The Lib Dem councillors on Bromley Council have 'called in' the decision on Bromley's School Streets. This means the decision will be returned to the Environment Committee for review. This followed a decision by the Portfolio Holder to effectively end the roll-out of School Streets across the Borough and put into doubt how long the existing School Streets could continue. School streets are one of the few initiatives taken by Bromley Council to improve the air quality around schools. We hope Councillors will reconsider the decision on School Streets especially since just this week the Government announced a National Active Travel Commissioner whose focus includes creating a safe environment for active travel for children.
"Bromley Council has various published 'transformation' plans which include commitments to our children's safety, health and wellbeing," said Lib Dem Councillor Chloe-Jane Ross. "Yet they reject a strategy in use throughout London that has been shown to:
- reduce the number of car journeys to school
- make our roads safer
- improve air quality
- encourage active travel"
School Streets are temporary road closures around schools at drop off and pick up times. They don't work for every school of course - it depends on the local geography - but they are growing in number. There are currently 511 School Streets across London. In contrast Bromley set up 6 schemes in 2020, but only 2 are still running. You can read a report about how successful School Streets have been here.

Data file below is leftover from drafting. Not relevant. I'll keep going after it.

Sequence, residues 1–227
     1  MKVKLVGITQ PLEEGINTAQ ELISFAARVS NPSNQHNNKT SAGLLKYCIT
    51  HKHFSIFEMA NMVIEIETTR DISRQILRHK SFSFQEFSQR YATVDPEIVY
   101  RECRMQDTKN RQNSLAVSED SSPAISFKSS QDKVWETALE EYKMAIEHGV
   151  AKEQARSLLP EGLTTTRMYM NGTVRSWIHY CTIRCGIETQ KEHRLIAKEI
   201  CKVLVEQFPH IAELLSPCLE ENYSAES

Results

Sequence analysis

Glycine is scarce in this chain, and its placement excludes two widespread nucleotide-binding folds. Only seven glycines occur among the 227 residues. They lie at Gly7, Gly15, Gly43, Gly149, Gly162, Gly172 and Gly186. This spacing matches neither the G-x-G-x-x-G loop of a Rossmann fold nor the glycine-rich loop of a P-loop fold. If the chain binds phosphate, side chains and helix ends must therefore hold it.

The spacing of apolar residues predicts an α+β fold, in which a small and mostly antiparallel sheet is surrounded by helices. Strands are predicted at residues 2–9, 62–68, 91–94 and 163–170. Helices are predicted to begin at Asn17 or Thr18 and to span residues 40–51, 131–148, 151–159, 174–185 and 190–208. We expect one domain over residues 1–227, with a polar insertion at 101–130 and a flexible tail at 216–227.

The main problems with keeping the school streets scheme running has been that it is too difficult for most schools to find their own resources to enforce the school street restrictions. This experience is mirrored around London - so most other local authorities now use ANPR (automatic number plate recognition) cameras to enforce the school street restrictions. They use the penalty funds from the cameras to fund the cost of enforcement. Neighbouring Lib Dem run Sutton Council have 10 School Streets - all self-funded. Lewisham, Hackney and Southwark do the same.
On 21 June the Conservative councillors voted in favour of a resolution that "School Streets are not actively rolled out" and that the council should support schools who currently operate a school street if they use their own marshalls. Any schools wishing to implement a new school street would have to commit to marshalling the area from their own resources.
This effectively removes the prospect of new school streets in Bromley and puts the future of the remaining schemes in jeopardy.
"This is a bad decision based on poor evidence," said Cllr Julie Ireland. "Evidence shows that the School Street schemes produced real improvements in air quality - nitrogen dioxide reduced by up to 23% in studies across London - and this is one of the few initiatives taken by Bromley Council to improve the air quality around schools. To abandon these schemes based just on questionable financial grounds is shameful. We need to be actively supporting the schools that currently have school street schemes, listening to them about what they need to resolve any problems with the scheme and actively looking for new sites for more school streets. "